Gillian Keegan is leading the call for motorists to show more consideration for guide dog owners who are put in danger by careless pavement parking
The Chichester MP attended a Guide Dogs event at the House of Commons to show support for the campaign to address the issue.
She heard from guide dog owners how parked cars blocking the pavement force them to walk in the road, into the path of traffic they cannot see.
Conservative Mrs Keegan said: “No one should be forced to brave traffic by cars parked on the pavement. I’m calling on the Government to end problem pavement parking across the country. Blind and partially sighted people should be able to walk the streets without fear.”
The visit came after 54 per cent of drivers admitted to parking on the pavement, with 29 per cent of those doing so a few times a month or more.
Pavement parking particularly affects people with visual impairments, parents with pushchairs, wheelchair users and other disabled people. According to a Guide Dogs survey, 97 per cent of blind and partially sighted people have encountered obstacles on the pavement, and 9 out of 10 have had problems with pavement parked cars.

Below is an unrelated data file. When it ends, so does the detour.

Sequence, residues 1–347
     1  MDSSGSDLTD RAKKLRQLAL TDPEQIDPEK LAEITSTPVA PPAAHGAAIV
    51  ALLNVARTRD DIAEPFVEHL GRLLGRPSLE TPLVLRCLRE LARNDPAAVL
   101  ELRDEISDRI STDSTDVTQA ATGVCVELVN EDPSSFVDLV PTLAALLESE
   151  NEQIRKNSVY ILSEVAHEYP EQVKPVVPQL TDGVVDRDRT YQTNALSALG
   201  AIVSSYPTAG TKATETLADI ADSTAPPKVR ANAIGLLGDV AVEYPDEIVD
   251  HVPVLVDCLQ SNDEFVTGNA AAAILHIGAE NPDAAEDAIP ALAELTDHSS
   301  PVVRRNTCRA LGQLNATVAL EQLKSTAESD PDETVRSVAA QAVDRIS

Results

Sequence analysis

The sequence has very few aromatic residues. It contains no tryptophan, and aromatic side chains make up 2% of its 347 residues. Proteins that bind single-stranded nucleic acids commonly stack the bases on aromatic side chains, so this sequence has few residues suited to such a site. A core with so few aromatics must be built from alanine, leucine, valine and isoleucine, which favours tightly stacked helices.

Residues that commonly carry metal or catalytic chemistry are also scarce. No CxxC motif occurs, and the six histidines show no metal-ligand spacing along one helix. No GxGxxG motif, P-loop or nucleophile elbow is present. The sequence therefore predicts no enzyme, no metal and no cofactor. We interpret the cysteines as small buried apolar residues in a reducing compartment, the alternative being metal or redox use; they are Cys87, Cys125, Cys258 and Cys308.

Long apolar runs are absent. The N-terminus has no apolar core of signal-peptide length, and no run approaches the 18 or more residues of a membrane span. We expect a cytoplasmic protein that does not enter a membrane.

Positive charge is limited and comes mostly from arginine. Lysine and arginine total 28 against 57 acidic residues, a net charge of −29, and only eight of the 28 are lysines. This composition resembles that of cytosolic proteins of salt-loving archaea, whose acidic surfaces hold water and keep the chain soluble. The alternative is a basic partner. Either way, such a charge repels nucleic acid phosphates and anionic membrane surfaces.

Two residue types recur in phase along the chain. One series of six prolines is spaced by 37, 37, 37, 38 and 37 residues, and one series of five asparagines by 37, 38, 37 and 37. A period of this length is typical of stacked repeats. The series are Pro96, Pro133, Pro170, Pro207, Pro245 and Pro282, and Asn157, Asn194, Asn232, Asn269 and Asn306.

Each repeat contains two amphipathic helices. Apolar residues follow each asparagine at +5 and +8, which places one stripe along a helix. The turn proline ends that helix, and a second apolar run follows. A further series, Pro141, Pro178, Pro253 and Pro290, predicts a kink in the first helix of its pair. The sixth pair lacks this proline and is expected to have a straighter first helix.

Guide Dogs is campaigning for to make pavement parking an offence, except in areas where local authorities grant specific exemptions. This is already the case in London, but elsewhere across the country, councils struggle to tackle unsafe pavement parking because they can only restrict it street by street.
Guide Dogs spokesman James White believes pavement parked cars can turn the walk to work or trip to the shops into a dangerous obstacle course, adding: “It’s a nuisance for anyone, but if you have a visual impairment or a toddler in tow, stepping out into the road with moving traffic is just too big a risk.”